Changing the Rules

Rules, simple, Right?

Changing the rules has been a subject on my mind for a few weeks now. I suppose this has to be because my job is to question and change existing rules and methods. However, the aim is to change the existing rules and methods for the better. To try and achieve this you need to win over the support of the people involved and convince them that this is best for them, their jobs and all the other people that it may impact upon.

The British Government is currently under heavy criticism for changing the rules on a number of election promises. They cite that the damage they inherited from the previous government has forced these changes. Frankly, this has now gotten to the point where I am sick of hearing from the majority of politicians. Blaming someone else is a useful political tactic but the chosen reaction from the current government in my opinion doesn’t do enough to protect and support the average person. I am not convinced, and I don’t think much of working class Britain is either.

But enough politics… onto something more general.

Continuous improvement is a core part of what we have to do in a British 2011. If we stand still the ever tighter margins we work to will come and overwhelm us. It is vital, it keeps things fresh and will often ensure survival in troubled times. Of course sometimes change has to happen at the expense of comforts, even livelihoods.  The recent economic chaos has seen companies and other set ups be forced to change to try to cut costs and survive. I was a casualty of the downturn in work in late 2008 and was made redundant. Hardly a promising start to my professional career but we live and learn.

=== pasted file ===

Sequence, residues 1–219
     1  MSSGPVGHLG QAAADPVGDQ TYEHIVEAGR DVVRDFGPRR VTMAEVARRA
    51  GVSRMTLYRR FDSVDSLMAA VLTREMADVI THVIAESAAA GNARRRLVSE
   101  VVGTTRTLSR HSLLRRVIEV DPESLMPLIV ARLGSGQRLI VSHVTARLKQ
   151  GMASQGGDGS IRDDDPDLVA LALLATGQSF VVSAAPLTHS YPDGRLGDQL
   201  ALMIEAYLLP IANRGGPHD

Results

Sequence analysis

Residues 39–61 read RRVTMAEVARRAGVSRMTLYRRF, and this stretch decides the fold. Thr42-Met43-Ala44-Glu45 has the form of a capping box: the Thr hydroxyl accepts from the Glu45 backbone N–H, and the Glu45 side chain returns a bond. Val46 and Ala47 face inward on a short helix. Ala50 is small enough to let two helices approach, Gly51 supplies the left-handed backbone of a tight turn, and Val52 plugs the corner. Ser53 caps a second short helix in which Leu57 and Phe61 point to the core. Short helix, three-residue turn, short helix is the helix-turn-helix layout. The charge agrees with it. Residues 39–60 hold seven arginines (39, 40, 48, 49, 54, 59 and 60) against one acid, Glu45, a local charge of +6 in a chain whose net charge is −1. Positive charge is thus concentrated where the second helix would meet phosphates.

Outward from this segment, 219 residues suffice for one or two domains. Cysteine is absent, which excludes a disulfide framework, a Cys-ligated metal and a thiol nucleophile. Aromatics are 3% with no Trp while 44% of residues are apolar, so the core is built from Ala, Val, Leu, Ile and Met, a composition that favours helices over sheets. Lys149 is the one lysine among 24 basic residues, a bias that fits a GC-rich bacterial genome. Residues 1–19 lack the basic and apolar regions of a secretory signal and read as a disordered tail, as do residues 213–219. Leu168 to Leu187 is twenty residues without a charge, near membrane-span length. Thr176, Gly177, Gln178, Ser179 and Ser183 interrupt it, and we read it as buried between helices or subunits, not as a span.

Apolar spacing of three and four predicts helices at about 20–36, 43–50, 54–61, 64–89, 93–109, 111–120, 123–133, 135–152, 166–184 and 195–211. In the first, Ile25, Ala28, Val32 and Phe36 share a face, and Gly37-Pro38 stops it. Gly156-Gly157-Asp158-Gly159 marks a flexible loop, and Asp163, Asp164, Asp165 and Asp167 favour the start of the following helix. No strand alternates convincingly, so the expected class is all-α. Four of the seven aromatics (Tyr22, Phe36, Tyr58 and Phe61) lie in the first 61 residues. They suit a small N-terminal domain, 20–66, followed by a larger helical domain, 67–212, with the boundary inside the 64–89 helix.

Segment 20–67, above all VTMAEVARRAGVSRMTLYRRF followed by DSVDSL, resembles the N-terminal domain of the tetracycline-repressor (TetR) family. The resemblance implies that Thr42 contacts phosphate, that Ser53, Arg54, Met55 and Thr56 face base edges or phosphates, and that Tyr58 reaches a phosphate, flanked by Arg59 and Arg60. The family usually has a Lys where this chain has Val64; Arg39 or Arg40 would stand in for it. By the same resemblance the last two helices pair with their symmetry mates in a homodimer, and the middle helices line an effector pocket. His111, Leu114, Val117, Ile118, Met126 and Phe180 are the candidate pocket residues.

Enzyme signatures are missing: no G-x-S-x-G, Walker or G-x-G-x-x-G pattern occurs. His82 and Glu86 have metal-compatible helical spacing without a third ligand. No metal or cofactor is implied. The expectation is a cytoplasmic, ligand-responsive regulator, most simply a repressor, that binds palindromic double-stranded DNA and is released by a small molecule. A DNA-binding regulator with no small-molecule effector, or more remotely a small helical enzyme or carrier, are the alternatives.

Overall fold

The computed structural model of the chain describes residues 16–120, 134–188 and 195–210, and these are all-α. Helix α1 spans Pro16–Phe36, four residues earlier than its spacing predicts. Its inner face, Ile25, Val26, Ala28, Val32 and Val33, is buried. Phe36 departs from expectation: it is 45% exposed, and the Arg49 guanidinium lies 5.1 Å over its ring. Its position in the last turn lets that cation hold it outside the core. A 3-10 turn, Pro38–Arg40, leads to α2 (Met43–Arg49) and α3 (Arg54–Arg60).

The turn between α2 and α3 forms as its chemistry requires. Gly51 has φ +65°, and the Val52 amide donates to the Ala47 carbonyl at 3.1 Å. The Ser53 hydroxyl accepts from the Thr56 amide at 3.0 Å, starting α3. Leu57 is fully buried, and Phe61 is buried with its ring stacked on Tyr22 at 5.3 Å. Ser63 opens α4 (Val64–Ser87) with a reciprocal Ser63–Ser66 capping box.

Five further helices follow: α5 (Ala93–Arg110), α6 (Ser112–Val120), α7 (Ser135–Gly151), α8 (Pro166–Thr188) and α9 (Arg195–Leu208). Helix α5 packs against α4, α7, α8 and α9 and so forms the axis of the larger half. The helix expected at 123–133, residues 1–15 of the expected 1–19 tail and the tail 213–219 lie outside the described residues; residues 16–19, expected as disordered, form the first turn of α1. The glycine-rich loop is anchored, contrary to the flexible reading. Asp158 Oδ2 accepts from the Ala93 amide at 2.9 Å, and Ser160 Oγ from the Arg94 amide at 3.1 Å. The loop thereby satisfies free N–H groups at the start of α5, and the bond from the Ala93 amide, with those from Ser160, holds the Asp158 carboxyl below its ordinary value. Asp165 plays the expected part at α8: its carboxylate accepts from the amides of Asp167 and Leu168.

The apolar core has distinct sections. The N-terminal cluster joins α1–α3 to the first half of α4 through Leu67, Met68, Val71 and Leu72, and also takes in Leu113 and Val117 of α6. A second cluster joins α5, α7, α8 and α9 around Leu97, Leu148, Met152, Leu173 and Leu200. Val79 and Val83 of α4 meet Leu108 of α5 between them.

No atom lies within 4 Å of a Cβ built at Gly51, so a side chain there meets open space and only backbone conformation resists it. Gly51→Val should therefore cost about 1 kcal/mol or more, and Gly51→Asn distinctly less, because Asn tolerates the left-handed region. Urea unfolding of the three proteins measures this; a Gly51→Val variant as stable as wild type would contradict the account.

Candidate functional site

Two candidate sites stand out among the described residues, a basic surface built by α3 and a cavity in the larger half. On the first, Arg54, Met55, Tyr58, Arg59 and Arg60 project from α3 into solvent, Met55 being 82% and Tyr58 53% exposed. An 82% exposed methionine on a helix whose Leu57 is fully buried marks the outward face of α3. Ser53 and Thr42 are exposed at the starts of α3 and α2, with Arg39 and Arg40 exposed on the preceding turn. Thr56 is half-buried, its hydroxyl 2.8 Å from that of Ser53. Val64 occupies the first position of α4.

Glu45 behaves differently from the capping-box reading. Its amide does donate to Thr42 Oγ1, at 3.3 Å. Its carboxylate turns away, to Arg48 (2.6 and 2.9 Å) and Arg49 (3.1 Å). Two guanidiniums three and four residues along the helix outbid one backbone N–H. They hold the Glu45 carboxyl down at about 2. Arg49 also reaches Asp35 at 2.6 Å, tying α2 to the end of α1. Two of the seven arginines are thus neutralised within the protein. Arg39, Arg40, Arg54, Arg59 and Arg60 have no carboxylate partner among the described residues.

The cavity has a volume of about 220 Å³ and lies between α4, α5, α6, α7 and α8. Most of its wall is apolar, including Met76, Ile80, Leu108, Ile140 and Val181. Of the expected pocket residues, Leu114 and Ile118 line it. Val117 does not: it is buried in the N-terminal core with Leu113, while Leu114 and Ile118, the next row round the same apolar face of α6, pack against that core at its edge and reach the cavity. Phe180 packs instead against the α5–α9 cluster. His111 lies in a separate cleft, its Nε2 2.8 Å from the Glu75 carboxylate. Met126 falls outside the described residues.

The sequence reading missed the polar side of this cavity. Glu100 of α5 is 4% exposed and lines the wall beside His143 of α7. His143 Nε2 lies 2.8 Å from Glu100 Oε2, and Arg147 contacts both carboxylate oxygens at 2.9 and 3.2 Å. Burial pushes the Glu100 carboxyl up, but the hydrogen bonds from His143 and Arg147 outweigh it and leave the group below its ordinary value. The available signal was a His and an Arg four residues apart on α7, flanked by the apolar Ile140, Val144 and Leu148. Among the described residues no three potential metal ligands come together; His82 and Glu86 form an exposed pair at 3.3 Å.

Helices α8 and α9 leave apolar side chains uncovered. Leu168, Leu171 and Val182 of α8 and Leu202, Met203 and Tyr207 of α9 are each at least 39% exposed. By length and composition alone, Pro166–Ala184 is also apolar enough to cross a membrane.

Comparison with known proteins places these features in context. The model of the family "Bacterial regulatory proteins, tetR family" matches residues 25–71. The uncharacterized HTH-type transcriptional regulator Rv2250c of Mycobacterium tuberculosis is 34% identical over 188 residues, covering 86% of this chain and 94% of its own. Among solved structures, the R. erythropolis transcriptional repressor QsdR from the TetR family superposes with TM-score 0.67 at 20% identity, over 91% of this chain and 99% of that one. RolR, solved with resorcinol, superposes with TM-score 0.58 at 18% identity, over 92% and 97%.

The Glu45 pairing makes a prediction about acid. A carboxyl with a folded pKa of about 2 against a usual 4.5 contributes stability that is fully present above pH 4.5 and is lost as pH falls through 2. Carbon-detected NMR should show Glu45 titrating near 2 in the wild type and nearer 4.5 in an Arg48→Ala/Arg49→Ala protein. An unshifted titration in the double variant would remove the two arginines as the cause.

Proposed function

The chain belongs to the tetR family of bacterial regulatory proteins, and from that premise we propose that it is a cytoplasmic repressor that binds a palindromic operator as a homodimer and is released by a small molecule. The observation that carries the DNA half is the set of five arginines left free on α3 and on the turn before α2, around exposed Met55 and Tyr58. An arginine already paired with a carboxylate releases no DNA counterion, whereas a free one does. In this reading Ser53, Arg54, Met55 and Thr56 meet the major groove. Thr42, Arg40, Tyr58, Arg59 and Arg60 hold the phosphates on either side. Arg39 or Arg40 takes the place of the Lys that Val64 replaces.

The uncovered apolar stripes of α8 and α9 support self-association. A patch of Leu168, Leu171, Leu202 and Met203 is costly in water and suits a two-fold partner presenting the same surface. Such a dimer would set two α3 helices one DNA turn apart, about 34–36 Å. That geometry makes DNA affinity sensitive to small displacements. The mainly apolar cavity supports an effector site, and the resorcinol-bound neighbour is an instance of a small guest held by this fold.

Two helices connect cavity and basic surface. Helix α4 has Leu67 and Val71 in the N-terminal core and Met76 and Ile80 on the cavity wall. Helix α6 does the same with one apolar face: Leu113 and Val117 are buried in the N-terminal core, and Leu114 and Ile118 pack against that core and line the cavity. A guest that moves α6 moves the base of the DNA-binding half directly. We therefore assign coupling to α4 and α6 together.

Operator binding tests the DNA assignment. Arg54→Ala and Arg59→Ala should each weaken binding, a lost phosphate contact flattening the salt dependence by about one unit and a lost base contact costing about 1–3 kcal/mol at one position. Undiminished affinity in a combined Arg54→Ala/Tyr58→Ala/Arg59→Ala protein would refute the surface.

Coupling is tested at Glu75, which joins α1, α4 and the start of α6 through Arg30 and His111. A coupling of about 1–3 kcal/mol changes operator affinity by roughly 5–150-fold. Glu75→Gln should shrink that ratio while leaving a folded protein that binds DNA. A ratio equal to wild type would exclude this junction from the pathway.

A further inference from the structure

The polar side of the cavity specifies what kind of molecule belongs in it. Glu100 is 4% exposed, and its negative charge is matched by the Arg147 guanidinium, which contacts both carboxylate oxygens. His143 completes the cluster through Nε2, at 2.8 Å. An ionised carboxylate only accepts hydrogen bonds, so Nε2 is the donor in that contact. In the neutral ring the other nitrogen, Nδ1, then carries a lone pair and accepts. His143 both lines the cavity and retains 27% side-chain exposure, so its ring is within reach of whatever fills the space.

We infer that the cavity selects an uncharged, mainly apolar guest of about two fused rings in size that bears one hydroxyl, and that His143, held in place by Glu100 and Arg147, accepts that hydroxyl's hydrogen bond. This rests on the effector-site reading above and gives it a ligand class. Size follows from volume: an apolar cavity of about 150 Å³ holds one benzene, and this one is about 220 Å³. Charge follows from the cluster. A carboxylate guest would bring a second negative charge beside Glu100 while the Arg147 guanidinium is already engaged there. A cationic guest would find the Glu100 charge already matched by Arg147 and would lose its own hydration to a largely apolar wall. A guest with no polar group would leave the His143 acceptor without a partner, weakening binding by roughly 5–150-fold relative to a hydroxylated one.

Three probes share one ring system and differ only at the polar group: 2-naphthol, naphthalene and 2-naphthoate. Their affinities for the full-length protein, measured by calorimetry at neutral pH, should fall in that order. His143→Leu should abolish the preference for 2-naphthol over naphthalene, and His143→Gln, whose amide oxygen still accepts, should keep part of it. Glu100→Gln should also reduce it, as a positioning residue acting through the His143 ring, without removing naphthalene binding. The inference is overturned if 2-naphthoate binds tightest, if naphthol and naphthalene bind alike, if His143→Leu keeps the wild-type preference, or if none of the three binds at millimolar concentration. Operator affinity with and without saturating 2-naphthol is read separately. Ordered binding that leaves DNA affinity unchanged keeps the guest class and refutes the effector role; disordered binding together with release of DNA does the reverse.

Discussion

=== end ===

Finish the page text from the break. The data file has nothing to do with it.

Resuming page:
Recently, however, there have been times when it is my responsibility to try to see what the bigger picture is and act accordingly. This has meant being constructively critical against changing what was a very effective system already. I don’t see the point in changing for changes’ sake. As much as I have to convince people to buy in to a new idea, I have to be convinced by it as well. I don’t like to flat turn down suggestions, that is counter-productive but a conversation needs to be had to try and work together to come up with a solution to benefit everybody.

Most of the time there is that simple solution out there somewhere, we just need to talk to find it!


About Peter Woodthorpe

I am a Research Design Engineer living in Leeds, West Yorkshire in the United Kingdom as well as a Childrens Worker for Kidz Klub Leeds. I hold a International Master of Design degree from the University of Leeds.
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